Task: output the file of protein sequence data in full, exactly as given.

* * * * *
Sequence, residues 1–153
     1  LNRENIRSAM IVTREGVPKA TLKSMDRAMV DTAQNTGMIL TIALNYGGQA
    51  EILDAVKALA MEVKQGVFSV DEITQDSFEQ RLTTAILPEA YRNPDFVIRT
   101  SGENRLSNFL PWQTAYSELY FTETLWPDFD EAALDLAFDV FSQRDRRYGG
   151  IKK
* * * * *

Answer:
Sequence, residues 1–153
     1  LNRENIRSAM IVTREGVPKA TLKSMDRAMV DTAQNTGMIL TIALNYGGQA
    51  EILDAVKALA MEVKQGVFSV DEITQDSFEQ RLTTAILPEA YRNPDFVIRT
   101  SGENRLSNFL PWQTAYSELY FTETLWPDFD EAALDLAFDV FSQRDRRYGG
   151  IKK